What Are Sugar Skulls? Learn All About the Day of the Dead Tradition

Plus, learn how to make your own.

<p>Marie Hickman/Getty Images</p>

Marie Hickman/Getty Images

Fact checked by Haley Mades

As the spooky season creeps upon us, you’re likely inundated with all sorts of macabre and witchy decor. However, not all symbols of the Halloween season are morbid, nor are they scary in any way. Sugar skulls, a Mexican tradition, can be seen in Mexican households and spaces across the world, and they’re far more than a skeleton-shaped candy. But what are sugar skulls? Seen in countless colors, sizes, and styles, these items are now ubiquitous, but carry a deeper meaning. If you didn’t grow up around sugar skulls, here’s what you need to know to appreciate the annual tradition:

What Are Sugar Skulls?

Sugar skulls, also called calaveritas de azúcar (or calaveritas, for short), are literally skulls made from sugar. They’re found in Mexico and Mexican households for the Day of the Dead, or Día de los Muertos tradition, which takes place annually on the evening of November 1 through the next day. 

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Sugarcane isn’t indigenous to Mexico, but rather a product of colonialism. The concept for sugar skulls, in fact, originated in Palermo, Italy, where sugary confections were created to celebrate holidays. The tradition migrated to Spain, and when the Spanish conquered Mexico, the tradition became a part of Mexican culture and folklore as well. Skulls, or calaveras, made from clay or other materials, were often popular symbols in celebrating the Day of the Dead, and sugar skulls became prominent over a century ago.

What Is the Meaning of Sugar Skulls?

“During Dia de los Muertos, we build ofrendas, altars made to remember our loved ones who have passed away,” says chef Fernanda Serrano of elNico at The Penny Williamsburg. “We decorate these altars with flowers, colorful papel picado, pictures, and food or drinks as a way to celebrate their lives.” On these colorful and lively ofrendas, found in homes and public spaces, sugar skulls are often included. 

“Among the decorations, it's common to find calaveritas—sugar skulls—that are decorated with colorful icing sugar, and, in some cases, beads,” says Serrano. “Calaveritas always have a piece of paper featuring the deceased person's name attached to the forehead, to represent the person being remembered.”

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Are Sugar Skulls Meant to Be Eaten?

Like anything made out of sugar, sugar skulls can be enticing, but are primarily decorative. “Calaveritas are made for decoration, but can be eaten, as they’re made from a sugar cane mixture,” says Serrano. “The decorations are made of icing and food coloring.”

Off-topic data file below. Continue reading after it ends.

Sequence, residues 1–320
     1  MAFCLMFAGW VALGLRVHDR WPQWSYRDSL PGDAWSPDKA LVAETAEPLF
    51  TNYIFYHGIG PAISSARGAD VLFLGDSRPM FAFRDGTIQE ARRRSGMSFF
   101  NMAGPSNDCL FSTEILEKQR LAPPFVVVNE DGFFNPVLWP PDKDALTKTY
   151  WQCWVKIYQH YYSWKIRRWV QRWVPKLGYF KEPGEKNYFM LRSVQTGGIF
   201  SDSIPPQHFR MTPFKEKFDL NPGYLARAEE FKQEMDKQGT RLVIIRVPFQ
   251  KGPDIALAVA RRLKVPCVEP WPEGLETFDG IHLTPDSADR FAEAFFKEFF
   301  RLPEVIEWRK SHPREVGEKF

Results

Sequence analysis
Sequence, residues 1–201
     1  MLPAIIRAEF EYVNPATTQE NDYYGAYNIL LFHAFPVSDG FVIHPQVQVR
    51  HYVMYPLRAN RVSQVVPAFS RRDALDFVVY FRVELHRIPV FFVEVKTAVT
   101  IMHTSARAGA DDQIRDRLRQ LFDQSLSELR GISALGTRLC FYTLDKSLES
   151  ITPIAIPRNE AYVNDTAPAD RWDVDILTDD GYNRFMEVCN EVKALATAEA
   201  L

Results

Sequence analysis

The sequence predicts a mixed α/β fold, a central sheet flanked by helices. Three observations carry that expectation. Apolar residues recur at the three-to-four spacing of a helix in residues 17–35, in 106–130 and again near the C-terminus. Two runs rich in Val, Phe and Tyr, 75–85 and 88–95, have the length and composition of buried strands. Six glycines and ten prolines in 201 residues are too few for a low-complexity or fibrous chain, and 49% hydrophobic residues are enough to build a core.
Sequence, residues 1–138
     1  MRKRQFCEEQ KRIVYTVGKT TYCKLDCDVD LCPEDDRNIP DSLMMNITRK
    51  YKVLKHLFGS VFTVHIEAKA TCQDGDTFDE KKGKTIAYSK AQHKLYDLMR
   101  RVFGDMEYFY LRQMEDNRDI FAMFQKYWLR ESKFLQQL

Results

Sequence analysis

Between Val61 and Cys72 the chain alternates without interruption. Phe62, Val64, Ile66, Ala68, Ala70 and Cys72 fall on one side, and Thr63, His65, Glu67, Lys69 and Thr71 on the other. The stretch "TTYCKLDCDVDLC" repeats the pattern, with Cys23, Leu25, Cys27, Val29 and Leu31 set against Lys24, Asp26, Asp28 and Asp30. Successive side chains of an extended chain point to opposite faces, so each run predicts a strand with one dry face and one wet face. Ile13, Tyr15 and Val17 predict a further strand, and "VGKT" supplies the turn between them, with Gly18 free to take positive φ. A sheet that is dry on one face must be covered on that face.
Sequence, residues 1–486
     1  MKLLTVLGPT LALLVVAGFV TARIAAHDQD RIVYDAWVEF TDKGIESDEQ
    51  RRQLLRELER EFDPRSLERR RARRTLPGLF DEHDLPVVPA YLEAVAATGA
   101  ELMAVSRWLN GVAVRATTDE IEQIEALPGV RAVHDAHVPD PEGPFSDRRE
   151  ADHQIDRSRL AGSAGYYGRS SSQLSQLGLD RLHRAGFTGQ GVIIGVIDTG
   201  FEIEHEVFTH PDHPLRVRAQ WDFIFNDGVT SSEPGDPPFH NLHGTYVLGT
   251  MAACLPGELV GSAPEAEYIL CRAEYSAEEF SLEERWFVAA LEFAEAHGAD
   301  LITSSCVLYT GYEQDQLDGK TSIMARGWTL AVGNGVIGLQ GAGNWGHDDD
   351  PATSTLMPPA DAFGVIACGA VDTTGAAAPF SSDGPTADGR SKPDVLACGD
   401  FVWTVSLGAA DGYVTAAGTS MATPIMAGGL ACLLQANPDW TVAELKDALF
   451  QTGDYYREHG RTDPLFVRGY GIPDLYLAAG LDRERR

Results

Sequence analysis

Of course, if you make or buy sugar skulls yourself, you can eat them, but Serrano notes that some may have beads or other adornments, which would make them not edible. Sugar skulls placed on an ofrenda aren’t an all-you-can-eat candy display, but a traditional object that would be disrespectful to remove from the altar and eat.

How Are Sugar Skulls Made?

Sugar skulls are made from a simple mixture of sugar and water, blended into a paste that dries in a skull-shape mold. Icing made from sugar and water, plus food coloring, can also be easily made to decorate the sugar skulls. “Nowadays, people might add meringue powder to the sugar mix to make it more stable,” Serrano advises.

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Here’s now to make sugar skulls, thanks to Serrano’s recipe:

Sugar skull ingredients:

  • 1 cup of white sugar

  • 1 teaspoon of meringue powder

  • 1 teaspoon of water

  • Skull-shape molds


  1. Mix all of the ingredients in a bowl and work the mixture until incorporated. The mixture should feel like beach sand, and should stay together when you press it.

  2. Fill the molds with the sugar mixture, pressing each time to make sure the whole mold is filled. Once the mold is full, scrape the bottom part with a knife to make it smooth.

  3. Remove the sugar skull from the mold, and let it dry.

Decoration ingredients:

  • 2/3 cup of water

  • ½ cup of meringue powder

  • 2 pounds of powdered sugar

  • Food coloring of your choice

  • Piping bags


  1. Mix all of the ingredients with an electric mixer together until all of the sugar is incorporated, there’s no lumps, and the icing peaks.

  2. Divide the icing in different containers, depending on how many colors you would like to use. Start coloring the icing, and mix well.

  3. Place icing in different piping bags.

  4. Once the sugar skulls are dry, start decorating them with the colored icing.

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